The Old Cohabitation Question
I was thinking the other day that when it comes to relationships, there’s a subject almost none of us talk about any more: living together before marriage. Remember when this used to be such a controversial topic, a source of huge anxiety for parents and even for many young couples falling in love? Remember when people talked about a couple “living in sin” and really meant it?
Well, today, few people barely raise an eyebrow when they hear about an unmarried couple cohabitating. And why should they? It’s estimated that up to 70 percent of couples in the United States live together before marrying. For most young adults, the idea of marrying without living together first is simply absurd. By living together, they say, they find out if they can share a bathroom every morning without wanting to kill each other. That must be for the good of the relationship, they insist. At the very least, it certainly can’t be bad, right?
Well, hello, look what just arrived on my desk — a couple of studies suggesting that couples who live together before they get married are less likely to stay married. One national study released this very week found that the likelihood a marriage would last for a decade or more decreased by six percentage points if the couple had cohabited first. The Journal of Family Psychology has also published a survey of couples who live together, and it concludes that those who move in with a mate before engagement or marriage report “significantly” lower quality marriages and “a greater potential” for split-ups than other couples.
That survey found that that more than 60 percent of the couples interviewed ranked spending more time together as the number-one reason for moving in, followed by nearly 19 percent who put “it made most sense financially” at the top of their list, and 14 percent ranking “I wanted to test out our relationship before marriage” as the chief reason. The survey actually found some couples who had been living together who literally decided to get married because they have a joint lease or a shared ownership of a pet. A pet!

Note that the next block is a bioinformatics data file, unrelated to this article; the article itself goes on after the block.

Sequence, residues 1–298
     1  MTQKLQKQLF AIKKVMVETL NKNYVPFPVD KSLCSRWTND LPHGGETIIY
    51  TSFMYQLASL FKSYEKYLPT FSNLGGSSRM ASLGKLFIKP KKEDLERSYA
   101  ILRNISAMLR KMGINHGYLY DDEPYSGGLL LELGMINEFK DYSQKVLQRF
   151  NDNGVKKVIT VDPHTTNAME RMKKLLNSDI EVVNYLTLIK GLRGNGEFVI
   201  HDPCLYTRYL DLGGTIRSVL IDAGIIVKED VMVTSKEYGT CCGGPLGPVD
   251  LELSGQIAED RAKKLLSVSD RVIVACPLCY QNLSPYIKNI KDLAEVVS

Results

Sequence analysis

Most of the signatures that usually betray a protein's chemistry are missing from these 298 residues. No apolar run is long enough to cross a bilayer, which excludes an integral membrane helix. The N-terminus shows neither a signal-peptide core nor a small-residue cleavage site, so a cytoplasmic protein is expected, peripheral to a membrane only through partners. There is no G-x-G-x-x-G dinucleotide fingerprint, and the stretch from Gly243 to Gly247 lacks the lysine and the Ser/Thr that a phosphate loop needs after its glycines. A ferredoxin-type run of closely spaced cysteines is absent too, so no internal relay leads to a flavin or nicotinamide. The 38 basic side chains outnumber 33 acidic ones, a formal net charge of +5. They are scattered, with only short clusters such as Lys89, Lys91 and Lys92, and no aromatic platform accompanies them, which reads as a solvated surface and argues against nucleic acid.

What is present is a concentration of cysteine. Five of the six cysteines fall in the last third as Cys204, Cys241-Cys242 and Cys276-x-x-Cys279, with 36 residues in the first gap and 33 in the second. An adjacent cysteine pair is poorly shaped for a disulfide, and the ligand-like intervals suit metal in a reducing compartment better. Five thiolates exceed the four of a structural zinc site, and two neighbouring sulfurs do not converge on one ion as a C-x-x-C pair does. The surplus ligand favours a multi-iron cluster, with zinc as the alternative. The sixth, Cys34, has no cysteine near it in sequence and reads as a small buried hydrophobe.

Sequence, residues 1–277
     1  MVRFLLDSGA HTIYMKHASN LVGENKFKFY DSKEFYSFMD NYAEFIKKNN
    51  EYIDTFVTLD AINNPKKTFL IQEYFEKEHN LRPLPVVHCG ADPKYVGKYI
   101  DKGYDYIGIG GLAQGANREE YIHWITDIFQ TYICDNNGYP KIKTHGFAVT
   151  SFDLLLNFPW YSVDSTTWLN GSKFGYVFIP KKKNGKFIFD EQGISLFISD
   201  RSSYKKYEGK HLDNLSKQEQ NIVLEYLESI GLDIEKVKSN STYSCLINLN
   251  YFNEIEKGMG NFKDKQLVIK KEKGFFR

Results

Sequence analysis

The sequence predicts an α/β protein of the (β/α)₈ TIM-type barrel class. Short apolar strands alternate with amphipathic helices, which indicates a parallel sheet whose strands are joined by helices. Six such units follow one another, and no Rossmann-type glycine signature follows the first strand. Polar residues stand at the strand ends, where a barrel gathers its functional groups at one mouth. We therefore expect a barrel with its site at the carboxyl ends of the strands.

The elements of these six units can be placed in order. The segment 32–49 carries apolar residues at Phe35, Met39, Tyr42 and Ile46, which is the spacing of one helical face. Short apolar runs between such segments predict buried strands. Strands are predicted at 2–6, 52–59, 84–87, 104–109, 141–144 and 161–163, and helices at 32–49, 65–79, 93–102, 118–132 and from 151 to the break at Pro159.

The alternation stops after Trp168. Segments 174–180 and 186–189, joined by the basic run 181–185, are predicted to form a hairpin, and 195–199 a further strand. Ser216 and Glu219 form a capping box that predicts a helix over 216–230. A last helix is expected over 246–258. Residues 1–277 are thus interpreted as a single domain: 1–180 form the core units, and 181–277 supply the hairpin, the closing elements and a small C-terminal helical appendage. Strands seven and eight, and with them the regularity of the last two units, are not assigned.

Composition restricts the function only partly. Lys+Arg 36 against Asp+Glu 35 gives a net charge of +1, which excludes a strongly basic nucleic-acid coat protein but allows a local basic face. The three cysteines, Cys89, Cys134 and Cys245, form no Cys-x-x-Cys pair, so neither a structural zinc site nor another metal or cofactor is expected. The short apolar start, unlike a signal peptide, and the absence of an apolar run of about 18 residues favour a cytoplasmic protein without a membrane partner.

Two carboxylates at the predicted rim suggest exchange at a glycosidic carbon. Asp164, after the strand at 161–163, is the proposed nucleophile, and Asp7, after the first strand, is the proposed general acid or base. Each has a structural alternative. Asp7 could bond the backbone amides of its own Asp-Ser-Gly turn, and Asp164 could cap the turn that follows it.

I don’t tell couples outright that they should avoid living together before marriage, but I do tell them that living together does not exempt them from having the same serious conversations every couple needs to have about marriage. I think the danger of couples living together is that their lives and incomes, (and, yes, their pets) get so intertwined that they go ahead and just sort of slide into marriage, even though one or both of them aren’t sure that’s the best thing to do. They get married because it’s just too much trouble to break up and divide their stuff. Tor me, the real warning sign is when a couple says they need to test their relationship. I mean, come on. If they need to test the relationship, then the chances are pretty good they already know something is not working.
Do you think I’m being too hard-headed about all this? Do you think cohabitating before marriage is a good thing, something we all should accept? I’d like to hear what you think, and I’d like to hear what advice you give to your own kids about living together. I’ll look forward to reading your comments.